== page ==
University of Dundee

Helen Walden awarded €2 million to investigate DNA damage and repair

04 Feb 2016

A University of Dundee researcher has been awarded a prestigious €2million grant to investigate how DNA becomes damaged, leading to ageing and disease.
Dr Helen Walden, of the University’s School of Life Sciences, has been awarded the European Research Council (ERC) Consolidator Grant. The highly competitive awards are given to the best and most creative researchers working in Europe.
The funding will create four new research posts at the University’s Medical Research Council Protein Phosphorylation and Ubiquitylation Unit (MRC-PPU). Dr Walden and her team will look to discover how to repair the damage caused by two strands of DNA becoming chemically bound during replication, a process known as interstrand crosslinking.
DNA exists as a double-stranded structure coiled together to form a double-helix and replication is the process of producing two identical replicas from the original DNA molecule. This process occurs in all living organisms but crosslinking occurs in the human body around twice a day as a result of damage by chemicals, light and other causes. The body is normally able to undo the bind but in some instances this doesn’t happen, leading to cellular death and diseases such as cancer.
The pathway to repair this type of damage relies on the attachment of a signal to a protein called FANCD2. This signal is then read, translated, and ultimately removed. The Dundee team want to understand how the signal is created, what and how reads it, and how it is removed.
“Every time a cell divides it copies all genetic material,” said Dr Walden. “DNA replication is a fundamental process of the human body but the DNA helix needs to be unwound for it to take place. Interstrand crosslinking means this can’t take place and what we want to do is understand how this sort of DNA damage can be fixed.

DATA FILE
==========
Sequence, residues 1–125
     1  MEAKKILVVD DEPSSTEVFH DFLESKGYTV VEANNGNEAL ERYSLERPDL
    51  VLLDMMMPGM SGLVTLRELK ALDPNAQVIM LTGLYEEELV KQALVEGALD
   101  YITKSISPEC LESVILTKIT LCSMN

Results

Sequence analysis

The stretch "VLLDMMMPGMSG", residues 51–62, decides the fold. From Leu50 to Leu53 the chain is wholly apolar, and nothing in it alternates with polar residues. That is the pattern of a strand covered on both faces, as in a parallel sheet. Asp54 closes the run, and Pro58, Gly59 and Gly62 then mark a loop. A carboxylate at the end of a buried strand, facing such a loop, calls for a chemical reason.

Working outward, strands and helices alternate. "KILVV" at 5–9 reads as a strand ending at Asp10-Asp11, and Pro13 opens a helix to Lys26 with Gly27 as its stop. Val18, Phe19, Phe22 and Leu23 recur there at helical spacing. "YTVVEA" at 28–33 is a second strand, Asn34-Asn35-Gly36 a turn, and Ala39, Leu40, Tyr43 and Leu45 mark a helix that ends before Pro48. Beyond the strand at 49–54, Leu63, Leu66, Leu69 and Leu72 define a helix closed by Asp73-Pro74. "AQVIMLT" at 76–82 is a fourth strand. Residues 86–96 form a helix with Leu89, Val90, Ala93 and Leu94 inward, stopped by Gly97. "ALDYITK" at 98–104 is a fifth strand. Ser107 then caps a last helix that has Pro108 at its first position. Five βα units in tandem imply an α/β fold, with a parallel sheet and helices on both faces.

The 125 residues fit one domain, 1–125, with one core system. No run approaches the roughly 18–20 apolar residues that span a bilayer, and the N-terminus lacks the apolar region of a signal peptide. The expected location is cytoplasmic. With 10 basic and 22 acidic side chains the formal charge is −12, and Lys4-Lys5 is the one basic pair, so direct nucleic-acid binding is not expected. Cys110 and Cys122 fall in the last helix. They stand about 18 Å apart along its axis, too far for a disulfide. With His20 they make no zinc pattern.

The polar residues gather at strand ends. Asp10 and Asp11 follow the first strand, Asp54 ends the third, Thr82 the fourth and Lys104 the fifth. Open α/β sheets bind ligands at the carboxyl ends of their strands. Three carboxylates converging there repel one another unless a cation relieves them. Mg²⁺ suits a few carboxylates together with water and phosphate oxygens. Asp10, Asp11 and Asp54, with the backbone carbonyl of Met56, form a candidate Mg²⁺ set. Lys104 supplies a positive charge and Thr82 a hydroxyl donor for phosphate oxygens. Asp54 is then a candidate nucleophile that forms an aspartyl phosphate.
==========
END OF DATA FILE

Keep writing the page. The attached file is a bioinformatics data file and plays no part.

“The body can normally clean up errors like crosslinking and we know modification of FANCD2 is a key signal to fix this particular type of DNA damage. What we don’t know is how it works, what switches it on and off and why it works more effectively in some people than others.
“We want to identify the various components of its pathway to understand how it chemically alters the DNA molecule. This is just one of a number of ways in which DNA can become damaged or mutate but if we can understand how the signal is turned on and off then it potentially allows us multiple points on which to interfere to prevent this type of disruption.”
Cancer cells are particularly susceptible to crosslinking because of the drugs used in the treatment process. This means that attempting to disrupt this pathway could one day lead to more potent chemotherapeutics.
Professor Dario Alessi, Director of the MRC-PPU, said, “I am delighted for Helen that she has received this prestigious award-and testament to the very important research that her laboratory is undertaking. I am confident that the work Helen is embarking on with the ERC funding will provide fundamental knowledge on how DNA integrity is maintained of relevance to better understanding and treating human diseases such as cancer.”